Perennial herb 0.5 - 1.5 m tall Stem: stout, erect, usually with some hairs, especially near the branching inflorescence. Leaves: opposite or in whorls of three, stalkless, non-toothed, more than 5 cm long, somewhat lance-shaped, widest below the middle, gradually tapering to a pointed tip, and sometimes with a clasping base. Inflorescence: a terminal, 10 - 40 cm long, elongate "spike" or wand-like cluster with numerous, crowded flowers in the axils of two, pointed, hairy bracts. There are usually at least two, and normally more, flowers per bract axil. Flowers: bright purple-red, stalkless, radially symmetric, with sepals and petals fused together most of the sepal length into a slender, eight- to twelve-nerved, hairy sepal-petal tube (hypanthium). Sepals: five to seven, but fused for most of their length with each other and the petals into a long, slender tube (hypanthium). The separate sepal lobes are short-triangular, and they alternate with much longer (around two times longer), very narrow appendages. Petals: five to seven, but fused for less than half their length, then separating into ascending or slightly spreading, 0.7 - 1.2 cm long, somewhat oblong or elliptic lobes. Stamens: usually twelve (always more than ten ), in two distinct whorls or series, with each whorl a different length from the other (short or tall) and relative to the style length (short, medium, or tall). Pistil: with a single, superior, two-chambered ovary; a single, slender style; and a rounded stigma. The style of each flower can be one of three possible lengths (short, medium, or tall) in relation to the two different lengths of the whorls of stamens. This condition (tristyly) produces three different floral morphs. Fruit: a many-seeded, two-chambered capsule enclosed by the sepal-petal tube (hypanthium), and breaking apart through the side walls of the chambers, not directly into the chambers (septicidal).
Similar species: Lythrum salicaria is very similar to another Eurasian species, L. virgatum, which is often cultivated (and escapes), but that species is not hairy, where as L. salicaria is normally hairy, especially in the flowering "spikes". The other species in our area, the native L. alatum, is usually hairless, and less than 0.8 m tall with a four-angled stem, alternate leaves less than 5 cm long, and always less than ten stamens per flower.
Flowering: July to October
Habitat and ecology: Introduced from Eurasia, found in wet places of all kinds, and increasingly abundant since it is an invasive plant.
Occurence in the Chicago region: non-native
Notes: Listed as one of the top 100 of the "World's Worst" invaders (see link below), this plant is native to Eurasia and has escaped cultivation to become an aggressive weed in our natural wetlands and even roadside ditches. Large patches of this species are seen throughout the Chicago Region. Though seemingly "pretty" due to the bright purple-red flowers, this plant spreads quickly and chokes out high-quality native wetland plant species, which consequently makes wetlands less useful for wildlife. These plants persist year after year as well as produce copious amounts of seed. Due to the threat this plant poses to our nation's wetlands, the USDA has spearheaded efforts to combat this species by releasing natural biological enemies, beetles from Eurasia, which feed on purple loosestrife.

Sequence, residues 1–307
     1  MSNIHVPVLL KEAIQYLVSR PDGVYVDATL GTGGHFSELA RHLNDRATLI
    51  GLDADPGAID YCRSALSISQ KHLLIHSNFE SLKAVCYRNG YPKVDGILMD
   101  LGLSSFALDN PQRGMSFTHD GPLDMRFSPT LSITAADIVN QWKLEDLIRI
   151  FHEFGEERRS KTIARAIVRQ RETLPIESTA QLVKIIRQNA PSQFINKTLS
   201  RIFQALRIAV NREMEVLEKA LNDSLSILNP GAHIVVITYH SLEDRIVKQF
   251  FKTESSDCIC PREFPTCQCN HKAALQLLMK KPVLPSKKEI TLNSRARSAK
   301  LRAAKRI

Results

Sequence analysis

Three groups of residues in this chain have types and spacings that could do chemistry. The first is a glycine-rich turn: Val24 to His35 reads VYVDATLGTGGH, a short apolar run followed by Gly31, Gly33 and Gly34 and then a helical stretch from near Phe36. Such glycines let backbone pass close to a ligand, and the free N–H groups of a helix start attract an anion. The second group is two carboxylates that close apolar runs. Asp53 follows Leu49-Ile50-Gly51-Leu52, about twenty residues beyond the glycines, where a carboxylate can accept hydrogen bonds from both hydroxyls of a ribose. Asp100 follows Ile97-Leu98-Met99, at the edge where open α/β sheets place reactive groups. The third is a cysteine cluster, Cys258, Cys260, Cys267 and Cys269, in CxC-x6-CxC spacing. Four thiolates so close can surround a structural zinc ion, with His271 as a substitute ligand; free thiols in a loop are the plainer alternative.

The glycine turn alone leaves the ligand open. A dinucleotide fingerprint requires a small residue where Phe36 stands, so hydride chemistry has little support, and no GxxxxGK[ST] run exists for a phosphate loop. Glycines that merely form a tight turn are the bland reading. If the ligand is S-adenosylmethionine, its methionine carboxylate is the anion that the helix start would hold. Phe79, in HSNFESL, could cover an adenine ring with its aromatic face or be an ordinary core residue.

Stout, erect perennial herb 5-15 dm, glabrous or more often pubescent or, especially upwards, even subtomentose; lvs opposite or ternate, sessile, lanceolate to nearly linear, 3-10 cm, the larger ones cordulate at base; spikes 1-4 dm, interspersed with foliaceous, lanceolate to ovate bracts; fls trimorphic as to the style and stamens; appendages of the hypanthium linear, fully twice as long as the sep; pet red-purple, 7-12 mm; stamens mostly 12, alternately longer and shorter; disk wanting; 2n=30, 50, 60. Native of Eurasia; in wet places from Nf. and Que. to N.D., s. to Va., Mo., and Kans., and occasionally w. to the Pacific. July-Sept.
Gleason, Henry A. & Cronquist, Arthur J. 1991. Manual of vascular plants of northeastern United States and adjacent Canada. lxxv + 910 pp.
Reported in 1925 by R. C. Friesner as well established along a small stream about a mile southeast of Irvington in Marion County. Also reported for Lake County by Pepoon. Common in a springy bayou of the Little Elkhart River just north of Middlebury, Elkhart County.
Indiana Coefficient of Conservatism: C = null, non-native